The Brain Loves Music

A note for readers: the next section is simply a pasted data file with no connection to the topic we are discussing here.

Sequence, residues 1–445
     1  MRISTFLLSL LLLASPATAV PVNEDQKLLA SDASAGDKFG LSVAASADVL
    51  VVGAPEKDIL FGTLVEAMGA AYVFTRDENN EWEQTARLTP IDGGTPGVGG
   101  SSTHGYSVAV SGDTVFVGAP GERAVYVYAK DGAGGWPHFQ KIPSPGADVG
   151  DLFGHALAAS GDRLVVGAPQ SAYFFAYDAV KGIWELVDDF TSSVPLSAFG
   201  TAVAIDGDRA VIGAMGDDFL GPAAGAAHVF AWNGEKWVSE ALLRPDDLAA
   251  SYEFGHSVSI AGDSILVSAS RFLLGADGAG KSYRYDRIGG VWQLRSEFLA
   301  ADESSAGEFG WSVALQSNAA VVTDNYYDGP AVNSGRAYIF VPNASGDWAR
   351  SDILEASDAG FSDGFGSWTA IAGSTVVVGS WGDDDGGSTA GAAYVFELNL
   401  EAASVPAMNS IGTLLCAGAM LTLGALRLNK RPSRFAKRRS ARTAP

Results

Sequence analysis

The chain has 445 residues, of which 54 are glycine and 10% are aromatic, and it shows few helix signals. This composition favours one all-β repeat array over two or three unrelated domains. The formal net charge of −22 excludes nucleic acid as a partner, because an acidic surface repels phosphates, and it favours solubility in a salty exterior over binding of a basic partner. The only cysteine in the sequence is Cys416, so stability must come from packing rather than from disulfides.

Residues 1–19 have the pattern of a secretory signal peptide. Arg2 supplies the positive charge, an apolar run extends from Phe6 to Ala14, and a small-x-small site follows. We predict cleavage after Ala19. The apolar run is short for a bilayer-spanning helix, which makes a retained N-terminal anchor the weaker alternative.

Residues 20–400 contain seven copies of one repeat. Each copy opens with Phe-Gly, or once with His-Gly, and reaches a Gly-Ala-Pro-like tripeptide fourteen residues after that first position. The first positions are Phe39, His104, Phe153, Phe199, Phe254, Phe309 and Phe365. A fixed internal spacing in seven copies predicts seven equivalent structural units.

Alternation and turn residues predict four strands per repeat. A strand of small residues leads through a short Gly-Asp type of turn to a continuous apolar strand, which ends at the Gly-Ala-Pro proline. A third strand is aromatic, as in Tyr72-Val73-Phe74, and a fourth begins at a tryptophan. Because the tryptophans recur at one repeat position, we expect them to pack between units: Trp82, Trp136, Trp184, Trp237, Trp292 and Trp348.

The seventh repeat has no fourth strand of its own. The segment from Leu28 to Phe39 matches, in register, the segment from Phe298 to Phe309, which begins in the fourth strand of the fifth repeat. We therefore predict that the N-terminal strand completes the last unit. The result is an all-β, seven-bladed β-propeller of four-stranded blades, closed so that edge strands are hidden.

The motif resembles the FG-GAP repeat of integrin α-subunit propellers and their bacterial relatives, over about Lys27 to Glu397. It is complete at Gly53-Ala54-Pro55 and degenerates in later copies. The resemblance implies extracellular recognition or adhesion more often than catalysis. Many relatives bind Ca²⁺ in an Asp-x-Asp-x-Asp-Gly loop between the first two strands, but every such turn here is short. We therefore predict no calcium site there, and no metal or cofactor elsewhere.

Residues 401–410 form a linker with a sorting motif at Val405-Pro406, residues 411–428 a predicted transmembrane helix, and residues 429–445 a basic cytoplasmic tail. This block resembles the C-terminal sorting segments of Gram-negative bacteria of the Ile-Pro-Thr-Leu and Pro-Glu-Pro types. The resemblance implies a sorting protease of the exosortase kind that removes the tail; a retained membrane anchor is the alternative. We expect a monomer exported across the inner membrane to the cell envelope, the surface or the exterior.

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Alexia Tristant 11/26/08 The Brain Loves Music Do you ever play music because it makes you feel energized and more eager to do what you need to do? Does music help you relax and reflect on ideas? Has music ever stimulated your creativity? This is probably true in most people because music has a dominant effect on humans and their behaviors; it plays an important biological role in human life. Neurobiologist Mark Jude Tramo of Harvard Medical School states: “music is a biologically part of human life, just as music is aesthetically part of human life (Brewer).” This essay will explain why music is an indispensable part for a successful education. The three main arguments that support the thesis are that music lets an individual reach an optimal states of mind, enhances creativity and helps one to develop skills that are vital for the learning process. Through out history, for thousands of years people have sung for enjoyment and to ease the burdens of work, family and society. This has been true for all cultures around the world. In the middle ages workmen used songs, poems and even rhymes to ease the work and be able to build all the great medieval cathedrals (MacDonald). One can use music to energize, focus, inspire and to create other positive states of mind that will facilitate learning. The ability of taking one self to the right state of mind for learning and doing work is very scarce between students. Most students would agree that a big part of academic failure is because they are not able to use their abilities in an efficient way and not because they don’t have the capacity. According to scientists the alpha brain wave state is a perfect learning state for taking in information through auditory channels (Brewer). Music used in the right way can help one reach this state of mind. Evidence suggests that music can modulate chemicals such as
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